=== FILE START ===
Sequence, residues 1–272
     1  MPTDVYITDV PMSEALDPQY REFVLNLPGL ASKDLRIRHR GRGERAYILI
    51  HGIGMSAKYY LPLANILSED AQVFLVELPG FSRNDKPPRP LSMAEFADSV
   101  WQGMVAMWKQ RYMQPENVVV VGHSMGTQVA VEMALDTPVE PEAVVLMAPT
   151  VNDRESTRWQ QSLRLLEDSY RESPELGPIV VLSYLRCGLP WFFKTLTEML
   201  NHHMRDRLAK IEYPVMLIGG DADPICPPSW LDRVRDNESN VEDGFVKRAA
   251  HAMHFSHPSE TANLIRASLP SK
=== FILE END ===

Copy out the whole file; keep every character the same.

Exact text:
Sequence, residues 1–272
     1  MPTDVYITDV PMSEALDPQY REFVLNLPGL ASKDLRIRHR GRGERAYILI
    51  HGIGMSAKYY LPLANILSED AQVFLVELPG FSRNDKPPRP LSMAEFADSV
   101  WQGMVAMWKQ RYMQPENVVV VGHSMGTQVA VEMALDTPVE PEAVVLMAPT
   151  VNDRESTRWQ QSLRLLEDSY RESPELGPIV VLSYLRCGLP WFFKTLTEML
   201  NHHMRDRLAK IEYPVMLIGG DADPICPPSW LDRVRDNESN VEDGFVKRAA
   251  HAMHFSHPSE TANLIRASLP SK